Wow! Thanks Russ! I took a look at that Cosman fellow you mentioned, and my jaw 'was' on the floor. That was just amazing! I am now vowing to one day be able to sharpen that well.
As for the plane he was using, I have been looking for a jointer plane since I started thinkin' about gettin' into hand planing and I was mystified by that Wood River #7. I wanted a Lie-Nielsen ever since I first discovered the art, and that Wood River seemed just as nice (just not as expensive). So I just happen to live near a Woodcraft store and thought I take a closer look at this #7 bad boy. And all I can tell you after seeing it up close, and becoming very intimate with it, is that it now resides in my workshop. Thanks so much for pointing me to the video (and of course all your feedback), and allowing me to see this wonderful part of wood working. :)
So I think I've got this sharpening thing figured out (at least I do using a honing guide.)
I took the blade from the Wood River jointer, ensured it's back was flat, and then honed it on some course, fine, and extra fine DMT stones. After accidentally stabbing my hand (cat scratch style) and not bleeding, I figured this sucker was ready to go. So I grabbed a piece of pine and piece of hard maple, and then got down to business. And folks let me tell you something, this plane cuts through wood like butter! I was able to cut off slices in both types of wood that were about .002 thick. Now being an amateur at this, I was blown away watching these strips come off so easily. So impressed was I, that my work area floor now looks someone threw a bunch of snow on it. lol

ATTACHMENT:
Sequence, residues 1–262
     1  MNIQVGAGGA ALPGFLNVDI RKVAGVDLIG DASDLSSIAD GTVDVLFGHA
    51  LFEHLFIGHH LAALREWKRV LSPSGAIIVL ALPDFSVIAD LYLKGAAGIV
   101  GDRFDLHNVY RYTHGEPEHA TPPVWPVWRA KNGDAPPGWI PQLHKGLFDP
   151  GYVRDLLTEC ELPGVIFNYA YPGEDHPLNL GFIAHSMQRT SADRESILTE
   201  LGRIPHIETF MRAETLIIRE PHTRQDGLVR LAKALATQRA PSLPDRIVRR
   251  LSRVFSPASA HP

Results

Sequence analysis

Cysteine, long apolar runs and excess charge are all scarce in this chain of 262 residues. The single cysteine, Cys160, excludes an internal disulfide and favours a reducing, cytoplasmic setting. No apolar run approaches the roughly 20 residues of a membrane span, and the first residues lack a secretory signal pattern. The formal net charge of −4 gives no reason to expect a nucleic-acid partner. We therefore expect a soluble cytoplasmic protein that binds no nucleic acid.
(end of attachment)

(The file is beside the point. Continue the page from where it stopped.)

After I got done, I came up with a couple of questions I'm hoping you all can help me with:
1. When honing the blade, should I be concerned about the area I sharpening having a even look? What I mean by this is when I'm honing I'm trying to ensure that whatever markings get left behind from the stones, those same markings appear evenly on the entire portion I'm sharpening. I'm doing this will all three stones, and because of it I'm taking quite a while to complete the task. The area I'm sharpening is from the edge to about a quarter up the blade.
2. The chip breaker on the Wood River plane doesn't appear to have a square edge. So when I put it together with my blade and square up their sides, one side of the chip breaker's edge is higher than the other. Granted it's not that much higher, but it's enough to notice when I look at it. It doesn't seem to really be affecting it's cutting performance, but being so new at this something may be happening that I not noticing. Does anyone know what affect this might have?
Some of my plane irons were not flat when I got them. Some of my planes were garage/estate sale finds and the planes were badly neglected and stored. As long as the iron is flat, it doesn't matter where the material is coming off the iron. If it's cupped with the outer edges low, you'll get more material removed on the sides and none in the center, the opposite if it's cupped upward toward the chipbreaker and cleat. The other thing to keep in mind is if you see a pattern developing, e.g. the same areas are ground down on multiple plane irons, either all of your irons are coincidentally out of flat in the same direction (unlikely) or your stones aren't flat. Make sure your DMT stones are flat first!